Despite the multifarious aspects of his style, Petrov has found his own type of character, a little man with inverted nostrils and a flattened head, it has become his hallmark, a bit like egg-heads are for Oleg Tselkov (1934–2021). "Why don't I paint beautiful people? It's not that I don't like them, they're just not mine," he explained in an interview to The Art Newspaper Russia. A whole family, a man in a cap, a fat-legged wife and a baby in shorts, different and identical at the same time are depicted in his 2017 painting ‘Miners’. It’s an image of class, scary and comical, anti-naturalistic and recognisable, touching and haunting, like the traditional folk song: "I was a brave horse-driver, My dear mummy, I was killed in a dark mine, And you stayed alone".
Images of mines and miners, the atmosphere in the miners’ barracks act as binder holding Petrov's works together. His sense of place of origin is expressed through a series of memories, which he reproduces in one way or another using different styles, like an actor in Stanislavsky's system, whether it is crime or romcom. Petrov’s early, brutal painting style is different from what he does today. In those early works the world of coal is depicted as a grey-brown never-ending frieze of workers and wagons, steam engines and workshops, a conventional gloomy zone painted not according to the pictorial canon of Socialist realism, and emotionally closer to Oscar Rabin (1928–2018) than to the official optimists
Petrov's works from the mid-seventies reveal a very different kind of mood where there is a focus on colour, nostalgia in kitsch hues. He is inspired by keepsake photo cards, holiday postcards, wedding albums, and then in the eighties, the brighter the colours, the wider the range of his fascination with mass culture. He becomes interested in advertising signs, record covers, street posters. Petrov creates his own gallery of portraits of pop singer Alla Pugacheva, long before the artist duo Alexander Vinogradov (b. 1964) and Vladimir Dubossarsky (b. 1964). The grotesque and eros flourish in the same territory, receiving their highest expression in his 1981 painting ‘Alla Pugacheva and Arkady Petrov’, where the artist depicts himself together with the most famous Soviet pop diva as a pair of lovers in paradise – this is years before Jeff Koons' (b. 1955) works dedicated to Cicciolina.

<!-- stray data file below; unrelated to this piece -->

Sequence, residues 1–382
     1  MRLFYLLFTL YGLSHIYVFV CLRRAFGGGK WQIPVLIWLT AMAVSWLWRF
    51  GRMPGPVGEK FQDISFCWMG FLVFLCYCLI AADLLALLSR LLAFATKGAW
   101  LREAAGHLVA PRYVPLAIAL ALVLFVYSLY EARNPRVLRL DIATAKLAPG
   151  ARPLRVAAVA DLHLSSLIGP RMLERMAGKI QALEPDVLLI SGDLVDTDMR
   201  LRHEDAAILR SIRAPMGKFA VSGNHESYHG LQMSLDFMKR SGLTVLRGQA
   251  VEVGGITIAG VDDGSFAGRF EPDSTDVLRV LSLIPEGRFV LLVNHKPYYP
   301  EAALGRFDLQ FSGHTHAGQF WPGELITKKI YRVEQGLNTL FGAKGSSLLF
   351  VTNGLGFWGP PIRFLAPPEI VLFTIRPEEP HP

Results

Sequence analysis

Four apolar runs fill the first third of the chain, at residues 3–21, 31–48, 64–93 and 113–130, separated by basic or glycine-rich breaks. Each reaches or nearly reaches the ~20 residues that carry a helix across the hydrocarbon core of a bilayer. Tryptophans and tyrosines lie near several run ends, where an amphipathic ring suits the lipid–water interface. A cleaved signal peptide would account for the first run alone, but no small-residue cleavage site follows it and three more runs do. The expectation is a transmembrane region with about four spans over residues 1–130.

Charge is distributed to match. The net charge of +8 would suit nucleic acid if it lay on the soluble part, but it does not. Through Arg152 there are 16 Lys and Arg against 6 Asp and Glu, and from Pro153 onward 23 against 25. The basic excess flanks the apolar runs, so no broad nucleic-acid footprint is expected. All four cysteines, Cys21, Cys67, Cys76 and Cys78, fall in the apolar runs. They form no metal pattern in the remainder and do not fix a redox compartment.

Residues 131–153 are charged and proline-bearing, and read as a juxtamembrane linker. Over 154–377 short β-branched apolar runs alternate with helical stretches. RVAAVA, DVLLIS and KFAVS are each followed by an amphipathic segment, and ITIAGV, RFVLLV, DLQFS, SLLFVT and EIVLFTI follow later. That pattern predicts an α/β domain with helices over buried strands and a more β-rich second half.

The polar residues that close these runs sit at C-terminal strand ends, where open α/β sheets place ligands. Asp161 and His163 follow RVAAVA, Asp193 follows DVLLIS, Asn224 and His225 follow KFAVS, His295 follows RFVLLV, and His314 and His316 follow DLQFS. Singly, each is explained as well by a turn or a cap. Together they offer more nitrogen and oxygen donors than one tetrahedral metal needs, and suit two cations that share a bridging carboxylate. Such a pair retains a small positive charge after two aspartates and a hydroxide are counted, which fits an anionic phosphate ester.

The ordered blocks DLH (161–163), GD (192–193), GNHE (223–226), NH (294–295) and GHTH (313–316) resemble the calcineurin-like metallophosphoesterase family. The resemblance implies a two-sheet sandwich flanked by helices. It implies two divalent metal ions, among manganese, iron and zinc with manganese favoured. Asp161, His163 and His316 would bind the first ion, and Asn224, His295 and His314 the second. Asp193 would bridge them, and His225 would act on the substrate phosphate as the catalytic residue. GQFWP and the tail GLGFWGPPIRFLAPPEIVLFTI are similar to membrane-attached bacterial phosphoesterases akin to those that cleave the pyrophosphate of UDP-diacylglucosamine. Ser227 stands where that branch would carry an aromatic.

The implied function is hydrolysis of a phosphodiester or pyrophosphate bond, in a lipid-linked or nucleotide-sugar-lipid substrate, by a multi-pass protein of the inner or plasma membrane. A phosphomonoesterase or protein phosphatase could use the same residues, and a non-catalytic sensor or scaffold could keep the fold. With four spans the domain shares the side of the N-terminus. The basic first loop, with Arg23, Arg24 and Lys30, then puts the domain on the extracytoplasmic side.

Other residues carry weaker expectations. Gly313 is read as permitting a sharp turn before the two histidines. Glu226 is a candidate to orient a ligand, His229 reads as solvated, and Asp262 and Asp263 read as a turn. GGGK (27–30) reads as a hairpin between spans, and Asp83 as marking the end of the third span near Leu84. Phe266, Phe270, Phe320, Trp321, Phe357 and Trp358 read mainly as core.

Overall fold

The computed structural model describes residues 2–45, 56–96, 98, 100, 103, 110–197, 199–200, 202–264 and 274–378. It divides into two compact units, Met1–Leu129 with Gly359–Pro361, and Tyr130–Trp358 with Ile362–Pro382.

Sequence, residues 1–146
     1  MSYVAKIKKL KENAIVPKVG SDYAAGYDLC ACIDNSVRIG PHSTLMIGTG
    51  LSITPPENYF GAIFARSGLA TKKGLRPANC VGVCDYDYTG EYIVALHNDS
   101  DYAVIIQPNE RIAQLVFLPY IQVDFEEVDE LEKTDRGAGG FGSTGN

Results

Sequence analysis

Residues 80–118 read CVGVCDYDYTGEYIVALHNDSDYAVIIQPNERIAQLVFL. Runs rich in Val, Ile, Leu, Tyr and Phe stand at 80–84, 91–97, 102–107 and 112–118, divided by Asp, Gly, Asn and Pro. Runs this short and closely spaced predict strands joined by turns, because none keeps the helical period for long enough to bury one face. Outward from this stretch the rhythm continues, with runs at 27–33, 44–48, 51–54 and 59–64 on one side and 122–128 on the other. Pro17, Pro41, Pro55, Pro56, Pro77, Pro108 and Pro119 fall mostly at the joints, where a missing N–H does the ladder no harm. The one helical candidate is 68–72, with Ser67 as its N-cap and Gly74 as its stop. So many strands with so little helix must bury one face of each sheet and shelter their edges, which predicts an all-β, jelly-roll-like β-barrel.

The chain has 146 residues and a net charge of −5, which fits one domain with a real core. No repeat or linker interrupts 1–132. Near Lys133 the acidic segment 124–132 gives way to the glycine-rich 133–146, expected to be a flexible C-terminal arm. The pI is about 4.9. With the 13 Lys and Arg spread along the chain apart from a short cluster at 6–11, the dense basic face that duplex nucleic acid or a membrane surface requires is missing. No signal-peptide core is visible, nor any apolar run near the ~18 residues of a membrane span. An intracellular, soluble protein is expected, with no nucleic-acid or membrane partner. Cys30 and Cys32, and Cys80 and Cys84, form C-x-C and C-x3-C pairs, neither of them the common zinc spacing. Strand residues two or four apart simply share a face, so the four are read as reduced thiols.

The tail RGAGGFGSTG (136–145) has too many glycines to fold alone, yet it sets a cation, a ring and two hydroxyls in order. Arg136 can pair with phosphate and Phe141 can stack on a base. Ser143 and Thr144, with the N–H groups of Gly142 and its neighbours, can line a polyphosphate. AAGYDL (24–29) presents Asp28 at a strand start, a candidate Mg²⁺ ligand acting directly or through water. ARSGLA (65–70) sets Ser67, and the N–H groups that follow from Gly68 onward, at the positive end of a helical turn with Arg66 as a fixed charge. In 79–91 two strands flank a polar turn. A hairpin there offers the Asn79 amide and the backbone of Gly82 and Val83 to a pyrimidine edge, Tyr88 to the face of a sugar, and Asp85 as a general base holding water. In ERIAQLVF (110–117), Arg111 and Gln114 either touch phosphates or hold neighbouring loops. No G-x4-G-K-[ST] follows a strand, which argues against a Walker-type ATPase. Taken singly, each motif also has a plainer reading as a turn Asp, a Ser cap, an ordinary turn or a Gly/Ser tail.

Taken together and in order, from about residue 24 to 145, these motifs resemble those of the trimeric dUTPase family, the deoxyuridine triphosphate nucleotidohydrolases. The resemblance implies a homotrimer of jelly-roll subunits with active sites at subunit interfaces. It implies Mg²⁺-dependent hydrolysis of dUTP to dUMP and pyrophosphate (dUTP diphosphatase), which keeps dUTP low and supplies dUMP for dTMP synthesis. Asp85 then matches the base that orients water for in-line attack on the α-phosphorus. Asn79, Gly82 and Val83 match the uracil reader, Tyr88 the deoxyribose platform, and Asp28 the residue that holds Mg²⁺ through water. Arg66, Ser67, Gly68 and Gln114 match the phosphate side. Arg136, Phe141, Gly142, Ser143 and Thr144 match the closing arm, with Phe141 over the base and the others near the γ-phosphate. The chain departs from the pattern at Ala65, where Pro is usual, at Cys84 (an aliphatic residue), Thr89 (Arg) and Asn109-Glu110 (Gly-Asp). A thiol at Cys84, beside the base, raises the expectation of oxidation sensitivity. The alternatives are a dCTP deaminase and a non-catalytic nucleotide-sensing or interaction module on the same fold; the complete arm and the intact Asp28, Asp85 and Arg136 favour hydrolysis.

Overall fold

In 1988 Petrov became internationally known after Sotheby’s legendary Moscow auction of Soviet Modern and Contemporary art. His work ‘Dancing. A Brass Band Plays,’ was sold in that auction, although in the shadows of the much more successful sales of Aleksander Rodchenko (1891–1956) or Grisha Bruskin (b. 1945). Petrov thus found himself caught up in the ‘Russian wave’ of the late eighties and early nineties, which led him to participate in band projects across America from Washington DC to Little Rock, Arkansas. That wave, however, quickly fizzled away to nothing for him, as it did for most of those swimmers. ‘Bet on Glasnost’ turned out to be more of a political bet.
Having received his 15 minutes of fame, Petrov soon sank into obscurity. Never truly a conceptualist, nor a Sots artist, nor a non-conformist, in many ways he resembles all of them. Appealing to the emotions rather than ideas, his 1995 ‘Miner with a Jackhammer’ is a gloomy persona, grey against a grey background. In the nineties, conventional figures became his new style, reflecting the traumatic degradation of the working class.
Over time Arkady Petrov has become the visionary of a non-existent country. It comes back to him either in a pack of cigarettes ‘Shakhtyorskie’ (1987–2006), which materialises into a large-scale painting, or in a handshake without characters in the 2004 painting ‘Remember Our Meetings’, where only a solemn gesture of two hands, male and female, united, is what remains of equality and brotherhood.
Petrov's paintings refer not to reality, but to memories. They do not reproduce the exact order of things, but as in the depths of memory, only the most important things are stored, which appear on the motionless backdrop of a canvas. These characters are only loosely connected with the background, they are as if suspended in airless space or superimposed on a plane. His paintings are dream-like. They are visual shards from the depths of memory.
Memory impressions of Donbass (Donetsk region) are moulded into his paintings. Ghosts of sensations lie on the canvas. Petrov has a kinship with naive art, it is not superficial, but an internal closeness. In his paintings, the voice of the inner child breaks through, a child who does not see barracks or poverty, impenetrable mud or cows' dung, but embroidered doves, rugs with swans and the endless blue sky, under which the gaunt and squat heroes of the dungeons live. In contrast to the dry and hollowed-out world of Ilya Kabakov's (1933–2023) characters, Petrov's miners are rough, uneven and alive. Petrov's paintings are like dreams come true.
Arkady Petrov. Homo Soveticus
25 October – 25 November, 2023